[34] Monty Python’s Flying Circus, Episode 8, Season 1 ("Full Frontal Nudity"), 1969.  See also Eric Idle singing "Jerusalem" as a nightclub crooner in Episode 4, Season 1 ("Owl-Stretching Time"). 

[35] Ralph Chaplin, Wobbly: The Rough-and-Tumble Story of an American Radical (New York: Da Capo Press, 1972), ch. 15, pp. 162-171; and Ralph Chaplin, "Why I Wrote Solidarity Forever," American West, Vol. 5, No. 1 (January 1968), 18-27, 73. See also Chaplin's two-part article, "Confessions of a Radical," Empire Magazine of the Denver Post, February 17, 1957, pp. 12-13, and February 24, 1957, pp. 10-11.

[36] Chaplin, Wobbly, p. 148, has a clear copy of the Preamble.

[37] See the "Epilogue" to Melvyn Dubofsky, We Shall Be All: A History of the IWW (1969; New York: Quadrangle, 1973), pp. 480-484, for several elements contributing to the IWW’s decline.

[38] Erik Olin Wright, Class, Crisis and the State (New York: Schocken Books, 1978); ch. 2, "The Class Structure of Advanced Capitalism," pp. 30-110.

[39] Ralph Chaplin, "Why I Wrote Solidarity Forever," American West, Vol. 5, No. 1 (January 1968), pp. 24-25.

[40] Peter Seeger, toward the end of the film, Strange Fruit  (California Newsreel, 2002); 35 mm. film, VHS and DVD.

[41] The literature on these is extensive.  Among many possible sources, see Boyd B. Stutler, Glory, Glory, Hallelujah! The Story of "John Brown’s Body" and "Battle Hymn of the Republic" (Cincinnati: The C. J. Krehbiel Co., 1960); and Sarah Vowell, "John Brown’s Body," in The Rose and the Briar: Death, Love and Liberty in the American Ballad, ed. Sean Wilentz and Greil Marcus (New York: W. W. Norton, 2005), 83-89.  These songs continue to inspire singers; in the past year (2006) I collected two "Battle Hymn" parodies written by members of the Raging Grannies chapter in Sonoma County, California, satirizing George W. Bush and the Iraq War.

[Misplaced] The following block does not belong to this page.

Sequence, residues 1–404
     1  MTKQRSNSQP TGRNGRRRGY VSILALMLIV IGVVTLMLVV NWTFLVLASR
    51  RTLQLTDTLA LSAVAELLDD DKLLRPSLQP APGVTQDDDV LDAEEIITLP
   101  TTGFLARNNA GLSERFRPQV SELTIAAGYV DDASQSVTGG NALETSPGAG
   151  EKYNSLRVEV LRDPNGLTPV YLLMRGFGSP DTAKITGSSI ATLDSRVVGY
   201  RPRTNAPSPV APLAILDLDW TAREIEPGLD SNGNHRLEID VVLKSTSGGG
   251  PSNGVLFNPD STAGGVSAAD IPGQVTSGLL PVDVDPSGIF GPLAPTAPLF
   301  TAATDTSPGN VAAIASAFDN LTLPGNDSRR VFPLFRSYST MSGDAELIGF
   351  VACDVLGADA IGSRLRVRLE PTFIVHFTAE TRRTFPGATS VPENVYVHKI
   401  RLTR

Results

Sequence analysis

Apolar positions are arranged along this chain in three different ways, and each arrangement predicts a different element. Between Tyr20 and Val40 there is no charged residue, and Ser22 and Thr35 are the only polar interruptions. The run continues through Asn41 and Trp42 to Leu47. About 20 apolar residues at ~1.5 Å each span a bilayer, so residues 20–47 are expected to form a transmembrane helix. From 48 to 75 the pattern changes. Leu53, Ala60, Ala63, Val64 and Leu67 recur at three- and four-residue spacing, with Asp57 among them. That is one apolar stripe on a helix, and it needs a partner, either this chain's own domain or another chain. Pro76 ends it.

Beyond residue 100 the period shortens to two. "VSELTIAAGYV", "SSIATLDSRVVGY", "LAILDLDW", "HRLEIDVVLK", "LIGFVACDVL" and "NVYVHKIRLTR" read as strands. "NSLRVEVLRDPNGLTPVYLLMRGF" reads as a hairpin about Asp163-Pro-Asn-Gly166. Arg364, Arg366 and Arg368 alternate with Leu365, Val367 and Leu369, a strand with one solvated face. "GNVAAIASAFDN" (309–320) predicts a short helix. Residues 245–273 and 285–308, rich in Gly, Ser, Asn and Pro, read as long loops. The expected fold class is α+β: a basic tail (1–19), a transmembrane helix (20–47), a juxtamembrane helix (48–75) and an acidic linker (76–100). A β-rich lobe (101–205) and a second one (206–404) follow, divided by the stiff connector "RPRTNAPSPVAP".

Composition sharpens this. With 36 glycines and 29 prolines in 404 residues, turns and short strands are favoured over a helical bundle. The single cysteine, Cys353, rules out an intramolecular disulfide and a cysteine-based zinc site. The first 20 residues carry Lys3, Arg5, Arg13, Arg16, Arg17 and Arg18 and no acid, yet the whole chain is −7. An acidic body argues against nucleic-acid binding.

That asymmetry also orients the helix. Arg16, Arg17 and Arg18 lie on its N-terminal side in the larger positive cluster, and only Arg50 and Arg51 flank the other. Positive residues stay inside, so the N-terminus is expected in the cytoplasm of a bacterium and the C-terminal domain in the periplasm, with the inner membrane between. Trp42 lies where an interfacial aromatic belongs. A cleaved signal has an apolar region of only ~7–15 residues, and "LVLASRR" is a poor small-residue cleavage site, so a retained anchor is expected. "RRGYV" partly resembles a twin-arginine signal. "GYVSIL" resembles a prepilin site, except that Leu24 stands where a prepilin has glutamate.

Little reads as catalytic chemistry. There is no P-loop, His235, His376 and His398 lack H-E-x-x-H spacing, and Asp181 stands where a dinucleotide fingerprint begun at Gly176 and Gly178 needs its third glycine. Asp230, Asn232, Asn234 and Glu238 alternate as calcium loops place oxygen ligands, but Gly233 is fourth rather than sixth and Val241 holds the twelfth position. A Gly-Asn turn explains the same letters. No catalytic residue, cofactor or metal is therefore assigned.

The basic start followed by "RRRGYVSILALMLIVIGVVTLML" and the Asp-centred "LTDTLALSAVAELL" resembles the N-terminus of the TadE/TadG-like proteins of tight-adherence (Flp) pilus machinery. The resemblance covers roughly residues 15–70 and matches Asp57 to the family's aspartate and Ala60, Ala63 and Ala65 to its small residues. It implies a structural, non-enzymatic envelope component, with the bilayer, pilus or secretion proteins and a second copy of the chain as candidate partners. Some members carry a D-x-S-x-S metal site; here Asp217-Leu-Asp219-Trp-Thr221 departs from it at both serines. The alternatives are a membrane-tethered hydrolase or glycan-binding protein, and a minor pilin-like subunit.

[42] The two women’s verses are credited to CUPE Local 3903, the Canadian Union of Public Employees, York University, Toronto, Ontario, Canada.  Local 3903 had a Women’s Caucus which has evolved into the Trans Feminist Action Caucus; see:

[43] In his recent book The Progressive Patriot: A Search for Belonging (Bantam Press, 2006), roughly equal parts family history, memoir, and reflections on patriotism, Billy Bragg says nothing about his venture with the 1990 album The Internationale.  Bragg biographer Andrew Collins acknowledges that the album manages to contemporize the songs, and point them at the future, but notes that the album is among the least played by his fans; Collins terms Bragg "punk’s first dedicated historian" (Still Suitable for Miners, pp. 207-208).

[44] Joan Baez, toward the end of We Shall Overcome (Ginger Group Productions, 1988), PBS Home Video 174.

[45] "The Internationale." Wikisource, The Free Library. 19 Jun 2007, 22:58 UTC. Wikimedia Foundation, Inc. 14 Jul 2007

[46] Little Red Songbook, 31st edition, (Chicago: Industrial Workers of the World, 1964), pp. 18-19.